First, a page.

IMG_0087So, what of Oblivion? This is one of those films that I hadn’t been keeping an eye on; it was kind of on my radar because it’s Tom Cruise doing sic-fi but other than that and some cool visuals I hadn’t really taken much of the detail on board, all I knew was that I really wanted to see this as a bit of a Cruise completist. And I’m very glad I did because I really enjoyed it.

Now I know there have been a few (quite a few) reviews that have been pretty ‘meh’ about this film either because they don’t like Cruise (or at the very least find him unconvincing in this role), or feel the film is too reminiscent of a lot of other sci-fi offerings. And it’s true that it is possible to tick off a check list of films from which it has borrowed, but I didn’t find that a problem, largely because lots of sci-fi movies can be looked at in that way (I give you Sunshine, one of my absolute favourites) but also because it works really well here.

The premise is that Earth has been attacked (specifically our Moon) by aliens wanting to make use of our planet’s resources, and humans are scooting off to settle elsewhere in the Solar System but we also need resources to do that so Jack (Tom Cruise) and Victoria (Andrea Riseborough) are a team based high in the atmosphere maintaining the drones that keep the mining equipment going. They are getting to the end of their mission but Jack is having flashbacks to a past he shouldn’t be able to remember as they both had their memories wiped for security reasons. And then a ship crashes and it becomes obvious that things are not as they seem.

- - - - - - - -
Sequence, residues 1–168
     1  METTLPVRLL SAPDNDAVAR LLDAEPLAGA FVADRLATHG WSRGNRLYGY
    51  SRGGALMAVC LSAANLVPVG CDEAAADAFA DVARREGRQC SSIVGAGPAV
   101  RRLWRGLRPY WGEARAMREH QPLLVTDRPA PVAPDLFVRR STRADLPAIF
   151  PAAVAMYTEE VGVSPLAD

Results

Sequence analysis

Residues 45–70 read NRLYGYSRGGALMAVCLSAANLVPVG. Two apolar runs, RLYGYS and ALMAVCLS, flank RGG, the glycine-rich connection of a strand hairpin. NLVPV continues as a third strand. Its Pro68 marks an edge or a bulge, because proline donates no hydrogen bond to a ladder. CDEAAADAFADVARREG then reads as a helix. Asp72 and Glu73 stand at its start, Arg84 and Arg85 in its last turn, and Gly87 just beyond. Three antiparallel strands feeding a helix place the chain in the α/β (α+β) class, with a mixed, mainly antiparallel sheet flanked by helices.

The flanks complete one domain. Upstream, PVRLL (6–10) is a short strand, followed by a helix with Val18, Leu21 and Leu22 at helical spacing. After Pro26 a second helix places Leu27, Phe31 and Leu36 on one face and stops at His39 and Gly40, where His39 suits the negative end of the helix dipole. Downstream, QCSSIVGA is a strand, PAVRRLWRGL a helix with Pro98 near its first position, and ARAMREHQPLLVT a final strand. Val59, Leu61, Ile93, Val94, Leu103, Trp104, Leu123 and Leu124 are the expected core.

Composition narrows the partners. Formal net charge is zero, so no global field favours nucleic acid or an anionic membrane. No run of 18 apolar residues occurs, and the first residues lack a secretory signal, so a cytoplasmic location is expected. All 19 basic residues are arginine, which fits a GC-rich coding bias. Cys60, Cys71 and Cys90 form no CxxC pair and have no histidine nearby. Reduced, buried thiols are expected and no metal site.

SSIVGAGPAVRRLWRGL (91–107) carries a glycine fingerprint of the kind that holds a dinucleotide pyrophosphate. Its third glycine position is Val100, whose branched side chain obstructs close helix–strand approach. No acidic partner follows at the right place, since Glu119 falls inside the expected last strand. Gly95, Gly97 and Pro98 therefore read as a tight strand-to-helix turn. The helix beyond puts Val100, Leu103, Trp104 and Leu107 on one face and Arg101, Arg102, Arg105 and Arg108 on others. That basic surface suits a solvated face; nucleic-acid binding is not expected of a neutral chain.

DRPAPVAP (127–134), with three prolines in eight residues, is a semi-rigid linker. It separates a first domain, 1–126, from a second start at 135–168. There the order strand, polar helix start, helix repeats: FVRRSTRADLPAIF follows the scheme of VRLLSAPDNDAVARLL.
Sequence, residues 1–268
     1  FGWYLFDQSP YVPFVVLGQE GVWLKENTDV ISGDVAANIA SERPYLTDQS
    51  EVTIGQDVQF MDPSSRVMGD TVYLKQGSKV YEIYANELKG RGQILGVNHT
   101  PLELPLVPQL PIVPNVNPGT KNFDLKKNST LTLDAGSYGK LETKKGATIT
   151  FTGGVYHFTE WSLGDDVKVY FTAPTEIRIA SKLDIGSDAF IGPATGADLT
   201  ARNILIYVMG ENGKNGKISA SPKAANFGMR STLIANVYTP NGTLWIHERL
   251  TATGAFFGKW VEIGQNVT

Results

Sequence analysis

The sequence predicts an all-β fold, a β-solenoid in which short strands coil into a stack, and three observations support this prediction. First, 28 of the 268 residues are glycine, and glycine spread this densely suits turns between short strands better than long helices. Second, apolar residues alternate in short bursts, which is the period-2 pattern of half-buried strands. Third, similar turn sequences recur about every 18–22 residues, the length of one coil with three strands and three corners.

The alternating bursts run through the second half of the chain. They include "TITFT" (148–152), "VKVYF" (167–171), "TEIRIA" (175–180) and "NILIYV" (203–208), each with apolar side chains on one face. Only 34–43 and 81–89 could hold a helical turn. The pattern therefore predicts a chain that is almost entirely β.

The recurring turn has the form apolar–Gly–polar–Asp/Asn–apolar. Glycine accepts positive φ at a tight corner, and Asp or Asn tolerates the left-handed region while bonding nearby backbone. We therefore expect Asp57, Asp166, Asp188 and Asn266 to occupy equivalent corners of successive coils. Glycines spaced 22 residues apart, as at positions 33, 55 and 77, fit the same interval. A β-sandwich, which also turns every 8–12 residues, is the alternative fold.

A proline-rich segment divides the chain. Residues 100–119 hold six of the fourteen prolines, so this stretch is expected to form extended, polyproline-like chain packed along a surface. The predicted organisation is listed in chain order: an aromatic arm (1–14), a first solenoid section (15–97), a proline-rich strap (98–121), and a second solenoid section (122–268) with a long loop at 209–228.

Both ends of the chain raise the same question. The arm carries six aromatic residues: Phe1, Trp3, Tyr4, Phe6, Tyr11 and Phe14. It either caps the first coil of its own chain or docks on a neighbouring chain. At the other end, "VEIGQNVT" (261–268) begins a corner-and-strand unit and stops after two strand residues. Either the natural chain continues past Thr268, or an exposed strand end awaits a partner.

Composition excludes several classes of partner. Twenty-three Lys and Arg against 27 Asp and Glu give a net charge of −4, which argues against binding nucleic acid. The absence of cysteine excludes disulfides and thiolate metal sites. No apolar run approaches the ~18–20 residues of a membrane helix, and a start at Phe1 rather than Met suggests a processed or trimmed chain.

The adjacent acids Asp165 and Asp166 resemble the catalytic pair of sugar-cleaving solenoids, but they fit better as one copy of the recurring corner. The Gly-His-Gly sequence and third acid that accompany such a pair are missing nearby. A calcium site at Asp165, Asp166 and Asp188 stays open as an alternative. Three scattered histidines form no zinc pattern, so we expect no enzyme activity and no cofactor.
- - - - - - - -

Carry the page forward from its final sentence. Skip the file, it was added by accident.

The set-up is cool; the couple’s space base is all windows and water and the ship Jack uses is pretty nifty. Riseborough is very watchable and convincing, wanting her mission to be over so they can start a new life on Titan with everyone else, puzzled by Jack’s reaction to the world around him. Her daily contact with the higher-ups in the form of Melissa Leo’s character is fascinating (“Are you an effective team?”) and her shock at being confronted with something unexpected is genuine.

Tom Cruise is also excellent; although he may be getting a little to old for this sort of action picture and OK, he mostly plays versions of himself these days, he comes across as a thoughtful everyman, questioning his purpose especially when confronted not only by the thing that happens, but the consequences of the thing that happens and his having to confront a situation very different from what he has been led to believe.

Anyone with a reasonable knowledge of the last thirty years or so of sci-fi movies will work out quite a lot of what’s going to happen pretty early on but like a lot of these movies the execution is just as important as the plot, and I liked the way the story worked out. The last 5 minutes could have been left out without harming the film in any way (but I still liked them). And it is visually lovely.

I will be adding it to my must buy list; would happily watch it again.

And if you want a “x meets x” view of the film you could do no better than visiting the Multiplex comic strip where Oblivion was absolutely nailed.

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